A resolution to establish the task force was unanimously passed by the Missouri Legislature this year.  The task force will be responsible for raising awareness, providing organizations and agencies that enforce human trafficking laws a central place to share information, and making recommendations for legislation to the General Assembly.

Proponents of trafficking legislation say the human trafficking industry generates $150 billion a year in profits worldwide, with an estimated 21 million victims, 5.5 million of those being children.


Missouri high court ruling answers one felons possessing guns issue, leaves one undecided

The state Supreme Court has not answered the question of whether a change to Missouri’s constitution last year would allow some felons to have guns.

The Missouri Supreme Court Building in Jefferson City

The Missouri Supreme Court Building in Jefferson City

Two men who faced criminal charges for being felons in possession of a firearm argued the passage by Missouri voters of Amendment 5 to the state Constitution last year meant they were not guilty of such a crime.

The Court ruled that because the appeals by those two men were filed before voters approved that constitutional change, it would not apply to their cases and they are still subject to the law against felons possessing firearms.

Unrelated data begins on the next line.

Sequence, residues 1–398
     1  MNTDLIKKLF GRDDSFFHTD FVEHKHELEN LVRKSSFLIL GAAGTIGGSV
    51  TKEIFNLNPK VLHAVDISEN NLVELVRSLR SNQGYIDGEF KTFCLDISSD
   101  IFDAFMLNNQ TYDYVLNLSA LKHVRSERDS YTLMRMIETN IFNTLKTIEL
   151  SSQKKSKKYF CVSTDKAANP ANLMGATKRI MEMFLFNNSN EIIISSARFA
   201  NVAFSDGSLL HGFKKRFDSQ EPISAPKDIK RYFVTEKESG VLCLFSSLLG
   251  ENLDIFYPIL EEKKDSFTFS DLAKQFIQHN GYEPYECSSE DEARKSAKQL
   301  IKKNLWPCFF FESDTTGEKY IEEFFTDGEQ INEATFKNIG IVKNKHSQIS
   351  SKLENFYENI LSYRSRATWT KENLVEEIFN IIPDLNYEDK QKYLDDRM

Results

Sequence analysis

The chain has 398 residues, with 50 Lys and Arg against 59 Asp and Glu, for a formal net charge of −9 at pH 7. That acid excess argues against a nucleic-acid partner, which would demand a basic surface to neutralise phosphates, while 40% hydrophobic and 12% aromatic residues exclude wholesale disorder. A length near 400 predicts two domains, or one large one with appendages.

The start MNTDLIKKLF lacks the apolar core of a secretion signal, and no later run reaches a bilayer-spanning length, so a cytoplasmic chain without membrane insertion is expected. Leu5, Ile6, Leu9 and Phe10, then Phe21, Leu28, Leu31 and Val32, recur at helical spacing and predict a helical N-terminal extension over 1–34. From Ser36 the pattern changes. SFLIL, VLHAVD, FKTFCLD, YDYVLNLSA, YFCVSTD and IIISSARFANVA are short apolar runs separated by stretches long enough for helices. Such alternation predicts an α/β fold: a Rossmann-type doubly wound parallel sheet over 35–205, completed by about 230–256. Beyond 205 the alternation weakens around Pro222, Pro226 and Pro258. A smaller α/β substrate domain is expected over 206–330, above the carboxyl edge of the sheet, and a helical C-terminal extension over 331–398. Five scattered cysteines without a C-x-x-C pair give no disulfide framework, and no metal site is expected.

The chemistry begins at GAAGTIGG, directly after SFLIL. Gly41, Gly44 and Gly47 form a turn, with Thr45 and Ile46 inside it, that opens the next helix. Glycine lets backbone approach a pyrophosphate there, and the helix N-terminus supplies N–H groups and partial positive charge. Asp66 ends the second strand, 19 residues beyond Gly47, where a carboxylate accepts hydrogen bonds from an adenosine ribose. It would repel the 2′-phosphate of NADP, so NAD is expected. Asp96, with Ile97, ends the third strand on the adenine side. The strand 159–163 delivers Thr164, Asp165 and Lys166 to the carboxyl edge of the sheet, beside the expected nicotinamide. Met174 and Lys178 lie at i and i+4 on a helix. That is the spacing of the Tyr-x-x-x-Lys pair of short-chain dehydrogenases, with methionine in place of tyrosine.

The question of whether Amendment 5 will result in the courts defining whether certain felons are considered “violent” and whether they will be allowed to possess firearms remains undecided.

Earlier story:  Missouri Supreme Court hears arguments of felon wanting guns

Washington University professor wants Missouri juvenile court reforms

A Washington University Professor of Law believes one piece of legislation tied to Ferguson that became law this year didn’t go far enough in reforming municipal courts.  That law went into effect August 15.

Washington University Professor of Law and Director of the Juvenile Law and Justice Clinic, Mae Quinn.

Washington University Professor of Law and Director of the Juvenile Law and Justice Clinic, Mae Quinn.

When Governor Jay Nixon (D) signed Senate Bill 5 into law he described it as having, “real teeth,” and said it would return those courts to their intended purpose, but Washington University Professor May Quinn criticizes it as not being the fundamental, game-changing reform it was billed to be.

Particularly, she thinks it didn’t address issues that come from juveniles in those courts.

“Kids at age 17 across Missouri may be automatically filed both into our circuit court system and into our municipal courts, but you also have kids as young as 16 and 15 in the municipal courts,” said Quinn.

Quinn said there is no requirement that a juvenile have an attorney in municipal court.

“As a matter of practice, frequently you have children negotiating these systems on their own and entering into guilty pleas without necessarily understanding all that they are undertaking and the impacts that those cases may have on their lives,” said Quinn.